The next time you visit your dentist for a cleaning, don’t be surprised if they ask if you have ever considered doing something about those frown lines or crow’s feet!
As the medical aesthetics industry continues to grow, more dentists are taking the plunge into facial esthetics!
The American Dental Association says at least 20 state dental boards have approved Botox for cosmetic uses or a specific dental operation.
Dentists may offer Botox for therapeutic uses such as TMJ disorders or facial cosmetic purposes such as getting rid of frown lines or crow’s feet.
Botox in Dentistry
Botox is the most popular wrinkle reduction treatment with 7.2 million procedures performed in 2017, according to the American Society of Plastic Surgery (ASPS). Botox injections can address cosmetic concerns, including stubborn fine lines and wrinkles in the forehead.
Believe it or not, botulinum toxin type A has a place in dentistry! There are several orofacial conditions Botox can address:
- Temporomandibular Joint Disorders (TMJ). Botox relaxes muscle contractions in the jaw that lead to headaches and facial pain.
- Bruxism. Botox for bruxism relaxes muscles that cause teeth grinding and clenching, which can lead to pain and destruction of teeth.
- Orthodontic therapy. Clients who have strong facial muscles can disrupt the new alignment of teeth, so Botox injections can calm those muscles to prevent relapse after braces.
- Dentures. If patients have difficulty adjusting to new dentures, Botox can provide the muscle relaxation necessary to let their new prosthodontics settle into their mouths.
- Correct a gummy smile. Botox Cosmetic helps reduce a “gummy smile” or high lip line without procedures like crown lengthening and gingival surgery.
- Oromandibular dystonia. OMD is involuntary spasms of the muscles around the mouth and lower face. Botox is ideal for this medical condition because the injection can specifically target the muscles causing the dystonia.
Dentists make great Botox injectors because they understand facial anatomy: structure, nerves and muscles. They also have experience with injections as they administer a local anesthetic before a cavity filling or a root canal.
Botox should be used in dentistry when it is part of a comprehensive treatment plan and not as a stand-alone procedure. It is essential that the dental professional received education and training before administering Botox. The regulations for Botox for dentists vary across the country, so it is important to check with the state licensing board for regulations and laws that govern a specific state.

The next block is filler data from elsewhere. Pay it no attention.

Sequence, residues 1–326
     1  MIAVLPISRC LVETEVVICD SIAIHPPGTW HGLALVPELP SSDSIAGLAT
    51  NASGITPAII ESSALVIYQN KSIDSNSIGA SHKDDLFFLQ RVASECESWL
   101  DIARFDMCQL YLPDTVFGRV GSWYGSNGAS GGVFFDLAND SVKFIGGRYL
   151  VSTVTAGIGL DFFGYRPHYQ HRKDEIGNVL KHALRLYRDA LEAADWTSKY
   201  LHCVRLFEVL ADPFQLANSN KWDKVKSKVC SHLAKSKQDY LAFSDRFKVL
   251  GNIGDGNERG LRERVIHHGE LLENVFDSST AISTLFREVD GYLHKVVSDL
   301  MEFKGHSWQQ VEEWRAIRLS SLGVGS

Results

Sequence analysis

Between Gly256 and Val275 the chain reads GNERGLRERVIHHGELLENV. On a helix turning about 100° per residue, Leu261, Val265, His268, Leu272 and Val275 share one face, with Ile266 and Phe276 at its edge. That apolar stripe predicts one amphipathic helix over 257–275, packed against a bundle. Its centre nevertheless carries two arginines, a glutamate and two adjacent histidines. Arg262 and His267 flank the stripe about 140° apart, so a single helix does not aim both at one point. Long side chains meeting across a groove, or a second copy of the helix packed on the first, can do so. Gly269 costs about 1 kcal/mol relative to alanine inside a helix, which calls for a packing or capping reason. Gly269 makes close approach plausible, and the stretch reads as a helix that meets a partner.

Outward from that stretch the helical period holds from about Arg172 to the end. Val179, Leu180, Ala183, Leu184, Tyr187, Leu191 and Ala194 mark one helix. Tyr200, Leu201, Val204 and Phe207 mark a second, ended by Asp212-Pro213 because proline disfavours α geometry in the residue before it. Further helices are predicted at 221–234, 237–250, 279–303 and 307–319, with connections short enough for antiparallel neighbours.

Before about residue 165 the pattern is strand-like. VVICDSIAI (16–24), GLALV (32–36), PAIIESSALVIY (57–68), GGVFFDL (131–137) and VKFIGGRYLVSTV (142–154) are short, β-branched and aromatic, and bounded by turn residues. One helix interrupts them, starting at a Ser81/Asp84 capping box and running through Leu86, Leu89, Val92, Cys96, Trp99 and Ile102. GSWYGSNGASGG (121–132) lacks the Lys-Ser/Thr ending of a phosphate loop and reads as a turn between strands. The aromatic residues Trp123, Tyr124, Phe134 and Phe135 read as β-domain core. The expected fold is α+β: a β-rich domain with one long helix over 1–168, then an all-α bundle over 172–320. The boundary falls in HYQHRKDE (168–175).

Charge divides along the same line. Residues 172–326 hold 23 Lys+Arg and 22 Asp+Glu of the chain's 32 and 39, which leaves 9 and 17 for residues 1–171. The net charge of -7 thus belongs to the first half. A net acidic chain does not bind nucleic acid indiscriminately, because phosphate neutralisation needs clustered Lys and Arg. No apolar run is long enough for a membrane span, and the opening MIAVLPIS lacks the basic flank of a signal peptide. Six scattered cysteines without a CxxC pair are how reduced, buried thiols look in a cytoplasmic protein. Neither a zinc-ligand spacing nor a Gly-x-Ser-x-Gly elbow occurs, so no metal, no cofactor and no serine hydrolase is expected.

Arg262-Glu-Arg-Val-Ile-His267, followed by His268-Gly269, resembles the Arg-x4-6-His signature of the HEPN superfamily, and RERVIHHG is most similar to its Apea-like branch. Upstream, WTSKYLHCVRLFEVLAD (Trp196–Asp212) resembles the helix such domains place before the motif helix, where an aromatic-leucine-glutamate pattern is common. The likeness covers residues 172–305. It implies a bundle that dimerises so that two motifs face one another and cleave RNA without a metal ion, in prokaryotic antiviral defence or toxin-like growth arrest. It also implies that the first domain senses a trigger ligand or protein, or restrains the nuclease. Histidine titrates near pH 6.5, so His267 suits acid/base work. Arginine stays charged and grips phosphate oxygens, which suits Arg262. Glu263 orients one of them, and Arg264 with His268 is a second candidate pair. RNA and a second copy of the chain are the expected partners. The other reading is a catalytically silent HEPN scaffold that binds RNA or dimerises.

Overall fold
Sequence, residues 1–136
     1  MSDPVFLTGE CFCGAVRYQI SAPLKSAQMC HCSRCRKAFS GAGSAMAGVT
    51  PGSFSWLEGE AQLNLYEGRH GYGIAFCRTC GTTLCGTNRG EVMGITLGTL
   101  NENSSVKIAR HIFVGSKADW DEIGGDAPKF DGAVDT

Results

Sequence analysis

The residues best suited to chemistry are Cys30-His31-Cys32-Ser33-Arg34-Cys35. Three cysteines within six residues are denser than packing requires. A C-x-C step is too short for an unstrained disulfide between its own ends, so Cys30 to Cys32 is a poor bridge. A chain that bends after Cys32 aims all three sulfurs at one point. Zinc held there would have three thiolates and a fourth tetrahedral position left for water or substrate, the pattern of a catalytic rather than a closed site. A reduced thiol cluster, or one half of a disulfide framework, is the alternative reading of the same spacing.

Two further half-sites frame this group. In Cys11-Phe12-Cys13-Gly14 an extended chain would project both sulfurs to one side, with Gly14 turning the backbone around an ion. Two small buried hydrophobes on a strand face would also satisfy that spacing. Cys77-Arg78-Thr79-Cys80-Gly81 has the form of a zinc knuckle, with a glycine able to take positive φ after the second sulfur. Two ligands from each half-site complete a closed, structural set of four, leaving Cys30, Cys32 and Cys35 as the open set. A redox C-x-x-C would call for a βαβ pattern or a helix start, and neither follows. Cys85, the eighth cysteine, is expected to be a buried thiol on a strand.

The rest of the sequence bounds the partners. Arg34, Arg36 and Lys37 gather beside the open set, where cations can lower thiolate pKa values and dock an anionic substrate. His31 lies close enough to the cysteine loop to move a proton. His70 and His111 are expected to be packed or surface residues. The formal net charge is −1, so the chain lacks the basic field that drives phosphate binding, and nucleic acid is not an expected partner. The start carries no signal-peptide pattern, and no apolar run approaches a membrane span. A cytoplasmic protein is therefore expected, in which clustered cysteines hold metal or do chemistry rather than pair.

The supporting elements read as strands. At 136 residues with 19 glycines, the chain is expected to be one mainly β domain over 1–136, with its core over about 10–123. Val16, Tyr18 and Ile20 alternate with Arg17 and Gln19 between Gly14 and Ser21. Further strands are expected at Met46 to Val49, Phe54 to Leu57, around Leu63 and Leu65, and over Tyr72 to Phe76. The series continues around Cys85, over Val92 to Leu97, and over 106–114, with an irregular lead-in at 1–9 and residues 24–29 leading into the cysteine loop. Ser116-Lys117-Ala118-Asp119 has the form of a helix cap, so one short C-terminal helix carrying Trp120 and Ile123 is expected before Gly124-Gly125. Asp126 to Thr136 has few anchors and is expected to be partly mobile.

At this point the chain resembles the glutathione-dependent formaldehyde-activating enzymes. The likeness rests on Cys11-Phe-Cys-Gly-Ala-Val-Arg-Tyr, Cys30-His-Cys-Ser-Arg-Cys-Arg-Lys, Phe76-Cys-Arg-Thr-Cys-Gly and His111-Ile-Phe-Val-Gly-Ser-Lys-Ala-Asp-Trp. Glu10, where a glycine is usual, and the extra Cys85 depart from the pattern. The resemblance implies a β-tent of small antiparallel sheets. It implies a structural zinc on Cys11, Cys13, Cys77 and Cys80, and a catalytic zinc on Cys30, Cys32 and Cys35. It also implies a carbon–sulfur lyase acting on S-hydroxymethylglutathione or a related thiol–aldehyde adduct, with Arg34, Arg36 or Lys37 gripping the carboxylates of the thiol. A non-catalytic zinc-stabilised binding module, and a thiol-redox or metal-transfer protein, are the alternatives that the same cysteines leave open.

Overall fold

Dermal Fillers: An Additional Add-On Treatment
Dermal fillers are another treatment that dentists are offering their clients. Facial fillers are categorized as injections and include treatments such as Restylane®, Perlane® and Juvéderm®.
These procedures fill the facial lines with hyaluronic acid, a sugar molecule that holds many times its volume in water. It expands the skin much like the way a sponge increases its size when containing water.
The effects of a dermal fillers treatment last four months to a year and create a smoother complexion.
Botox Training at National Laser Institute
Are you considering adding Botox to your dental practice? National Laser Institute offers Botox and dermal fillers training courses for medical professionals that can be completed in as little as a weekend.
Each course combines didactic theory with clinical hands-on training for a comprehensive learning experience.
In the classroom, you will learn things like proper injection techniques, facial anatomy and patient care. The second half of the course is spent in a luxury medical spa environment where you will work on patients. We want you to make the most of clinicals which is why we schedule paying clients for you to gain that real-world experience.
CE/CME training courses are the perfect opportunity for physicians who want to expand their practice and increase revenue by adding Botox, facial fillers (Restylane®, Perlane® and Juvéderm®) and cosmetic laser treatments to their service menu. RNs also take these courses to broaden their skill set, earn supplemental income or start a new full-time career as a cosmetic injector.